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As mentioned in Day one coverage of Pharmapack Europe, the second day of the conference was also dominated by suppliers. Most presentations were 15 minutes. However, a 90-minute workshop on serialization conducted by Optel Vision went into much more depth.
Some highlights from Pharmapack Europe’s second day include the following:
• Jean-Pierre Allard began the session by polling the crowd, asking them to categorize their level of involvement. Very few were just starting out on the serialization journey, and a handful considered themselves “experts” on the topic. The vast majority placed themselves in the intermediate category.
• Serialization is the assignment and application of a unique verifiable product identifier to an individual pack. (There was some dispute here to what level, but most accept it is the smallest saleable unit).
• One point of confusion is there are different mediums available and different countries are selecting between a 1D bar code, a 2D bar code, a human-readable code, and an RFID tag (mostly applied at the pallet level due to continued cost issues).
• Track is to understand current and past locations of a serialized item. Trace is to understand the history of who came into contact with the item along the supply chain.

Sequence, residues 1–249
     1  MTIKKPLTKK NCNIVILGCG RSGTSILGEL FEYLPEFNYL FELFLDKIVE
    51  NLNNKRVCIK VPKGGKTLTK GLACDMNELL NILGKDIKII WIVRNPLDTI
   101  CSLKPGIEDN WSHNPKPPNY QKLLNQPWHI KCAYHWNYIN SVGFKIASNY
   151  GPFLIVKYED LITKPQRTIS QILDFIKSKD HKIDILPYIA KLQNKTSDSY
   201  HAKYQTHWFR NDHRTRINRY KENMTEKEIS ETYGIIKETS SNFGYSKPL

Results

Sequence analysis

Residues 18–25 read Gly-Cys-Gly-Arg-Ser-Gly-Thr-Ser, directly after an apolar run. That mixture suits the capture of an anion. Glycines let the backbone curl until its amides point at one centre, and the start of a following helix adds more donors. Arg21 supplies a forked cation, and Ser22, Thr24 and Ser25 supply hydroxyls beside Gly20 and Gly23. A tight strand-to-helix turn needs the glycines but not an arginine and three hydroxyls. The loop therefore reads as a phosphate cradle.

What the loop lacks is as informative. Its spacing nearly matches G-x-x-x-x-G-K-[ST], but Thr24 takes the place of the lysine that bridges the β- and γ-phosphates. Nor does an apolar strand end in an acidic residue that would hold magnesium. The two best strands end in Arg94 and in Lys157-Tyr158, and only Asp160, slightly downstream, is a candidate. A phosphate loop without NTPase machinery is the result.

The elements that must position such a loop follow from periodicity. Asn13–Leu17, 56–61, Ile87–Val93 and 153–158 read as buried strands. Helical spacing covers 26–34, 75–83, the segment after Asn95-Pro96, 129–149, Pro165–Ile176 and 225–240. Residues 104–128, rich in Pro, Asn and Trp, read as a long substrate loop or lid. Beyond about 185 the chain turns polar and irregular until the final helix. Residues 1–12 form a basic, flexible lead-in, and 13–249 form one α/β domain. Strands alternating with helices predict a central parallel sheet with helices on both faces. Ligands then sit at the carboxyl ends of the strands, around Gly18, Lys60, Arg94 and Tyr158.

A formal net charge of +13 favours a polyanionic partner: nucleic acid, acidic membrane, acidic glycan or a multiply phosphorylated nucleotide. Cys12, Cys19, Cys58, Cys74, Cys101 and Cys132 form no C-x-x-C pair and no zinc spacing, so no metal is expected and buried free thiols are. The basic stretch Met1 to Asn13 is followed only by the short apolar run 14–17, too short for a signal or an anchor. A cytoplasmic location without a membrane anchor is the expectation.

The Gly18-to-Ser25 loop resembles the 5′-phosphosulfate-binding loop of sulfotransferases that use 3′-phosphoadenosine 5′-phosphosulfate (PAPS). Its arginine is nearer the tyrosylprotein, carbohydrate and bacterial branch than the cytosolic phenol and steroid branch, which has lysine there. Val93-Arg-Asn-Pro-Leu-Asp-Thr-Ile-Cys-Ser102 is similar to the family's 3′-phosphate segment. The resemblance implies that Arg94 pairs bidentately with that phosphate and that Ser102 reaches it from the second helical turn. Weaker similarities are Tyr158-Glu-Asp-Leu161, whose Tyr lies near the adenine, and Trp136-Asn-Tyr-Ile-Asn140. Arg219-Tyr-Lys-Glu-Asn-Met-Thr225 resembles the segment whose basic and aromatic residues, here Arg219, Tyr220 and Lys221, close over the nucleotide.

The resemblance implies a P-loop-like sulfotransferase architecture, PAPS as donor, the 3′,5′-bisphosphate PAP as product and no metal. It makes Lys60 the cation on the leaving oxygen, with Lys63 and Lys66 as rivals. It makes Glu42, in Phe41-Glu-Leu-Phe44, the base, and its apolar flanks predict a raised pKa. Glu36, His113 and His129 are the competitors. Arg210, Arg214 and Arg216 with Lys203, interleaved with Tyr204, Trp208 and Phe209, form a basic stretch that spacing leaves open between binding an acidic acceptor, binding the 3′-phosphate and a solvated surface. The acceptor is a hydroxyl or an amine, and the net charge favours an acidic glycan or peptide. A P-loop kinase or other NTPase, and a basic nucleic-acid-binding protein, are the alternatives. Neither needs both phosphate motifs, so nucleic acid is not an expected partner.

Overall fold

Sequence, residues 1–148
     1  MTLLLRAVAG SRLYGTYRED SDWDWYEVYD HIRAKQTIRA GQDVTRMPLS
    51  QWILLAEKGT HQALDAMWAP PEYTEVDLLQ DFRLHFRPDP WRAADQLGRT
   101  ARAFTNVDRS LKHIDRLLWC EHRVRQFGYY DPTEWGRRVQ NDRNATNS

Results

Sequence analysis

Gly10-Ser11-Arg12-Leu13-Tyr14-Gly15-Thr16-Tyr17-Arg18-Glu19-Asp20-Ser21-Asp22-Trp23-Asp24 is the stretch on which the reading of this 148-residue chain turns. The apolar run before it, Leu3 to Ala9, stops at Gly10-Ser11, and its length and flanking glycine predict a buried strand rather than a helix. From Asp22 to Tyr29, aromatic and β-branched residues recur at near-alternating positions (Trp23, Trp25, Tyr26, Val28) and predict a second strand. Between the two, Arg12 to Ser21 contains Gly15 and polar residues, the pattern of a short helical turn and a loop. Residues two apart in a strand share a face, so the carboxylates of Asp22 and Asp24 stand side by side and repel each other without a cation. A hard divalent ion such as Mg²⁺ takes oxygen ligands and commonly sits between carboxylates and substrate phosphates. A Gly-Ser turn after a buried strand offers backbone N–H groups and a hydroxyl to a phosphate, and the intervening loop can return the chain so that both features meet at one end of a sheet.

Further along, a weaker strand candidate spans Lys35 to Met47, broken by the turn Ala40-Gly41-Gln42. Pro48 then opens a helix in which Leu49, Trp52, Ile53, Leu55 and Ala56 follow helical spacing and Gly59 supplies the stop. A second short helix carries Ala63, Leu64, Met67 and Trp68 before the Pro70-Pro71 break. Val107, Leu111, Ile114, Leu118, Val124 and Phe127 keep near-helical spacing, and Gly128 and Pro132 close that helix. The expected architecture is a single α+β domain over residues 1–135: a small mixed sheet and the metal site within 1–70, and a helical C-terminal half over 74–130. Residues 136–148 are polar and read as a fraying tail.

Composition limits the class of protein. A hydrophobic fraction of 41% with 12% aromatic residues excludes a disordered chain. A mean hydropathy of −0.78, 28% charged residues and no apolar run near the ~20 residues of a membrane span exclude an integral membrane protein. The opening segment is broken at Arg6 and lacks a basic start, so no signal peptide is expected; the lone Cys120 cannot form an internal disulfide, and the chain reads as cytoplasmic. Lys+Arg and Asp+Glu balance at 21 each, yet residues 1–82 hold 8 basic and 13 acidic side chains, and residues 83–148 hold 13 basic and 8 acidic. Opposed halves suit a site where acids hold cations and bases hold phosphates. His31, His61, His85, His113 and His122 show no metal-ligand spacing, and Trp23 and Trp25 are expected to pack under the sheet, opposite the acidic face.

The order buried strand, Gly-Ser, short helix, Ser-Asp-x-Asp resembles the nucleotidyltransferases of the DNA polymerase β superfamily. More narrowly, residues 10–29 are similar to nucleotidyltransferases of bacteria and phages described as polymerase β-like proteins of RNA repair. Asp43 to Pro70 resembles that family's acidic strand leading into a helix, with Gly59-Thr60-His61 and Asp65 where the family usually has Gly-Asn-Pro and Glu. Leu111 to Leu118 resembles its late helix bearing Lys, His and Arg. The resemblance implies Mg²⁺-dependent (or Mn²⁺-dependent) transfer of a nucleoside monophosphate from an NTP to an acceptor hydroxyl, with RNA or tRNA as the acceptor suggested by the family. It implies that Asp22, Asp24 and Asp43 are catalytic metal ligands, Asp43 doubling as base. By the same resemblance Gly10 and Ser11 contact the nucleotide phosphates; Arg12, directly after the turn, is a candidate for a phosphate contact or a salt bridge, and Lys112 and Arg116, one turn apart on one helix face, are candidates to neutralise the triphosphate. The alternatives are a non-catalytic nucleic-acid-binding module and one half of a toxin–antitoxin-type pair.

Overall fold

• Aggregation is a key concept—six cartons bundled (children) placed in a case (parent), 12 cases on a pallet, etc. Aggregation defines the relationship between the parent and child allowing the receiver of the product to scan one code and understand exactly what is in the whole shipment—every case, bundle, or individual carton.
• IT must be serial number provider, even to Contract Manufacturing Organizations or Contract Packaging Organizations and other plants. Electronic Product Code Information Service (EPCIS) standards allow all vendors to communicate the information to partners in the supply chain.
• If a serial number appears twice in your database, you’ve got a problem, launch an investigation.
• e-pedigree in the U.S. will help authorities trace every “owner” of the product through the chain. In Europe, they will only track from origin of manufacturer to ultimate end user (pharmacist, hospital, etc.). It’s not as thorough, but still will reveal a problem and it can be investigated.
• Serialization in EU is used primarily to combat counterfeits and reimbursement fraud.
• Bottles present a very particular problem requiring 360-degree cameras to scan, and for aggregation a temporary code must be placed somewhere that corresponds to a serial number. This tracking code will help the packager capture all bottles packed in a bundle or case.
• Serialization is a complex process requiring an extensive team, including: internal project manager, validation, packaging line engineers, line operators,
IT, label control, logistics/warehouse personnel.
• Rough estimates of cost of serializing a cartoner line to item level is EU 35,000 to EU 200,000 (US$47,000 to US$268,000). Bottle line with aggregation can run from EU 200,000 to EU 350,000 (US$268,000 to US$468,000).
Optel has made the entire Pharmapack workshop available online.
Jean-Pierre Allard will again be presenting this workshop in New York City during the April 23-25 Interphex.
Readers are also encouraged to download the Healthcare Packaging Serialization Playbook.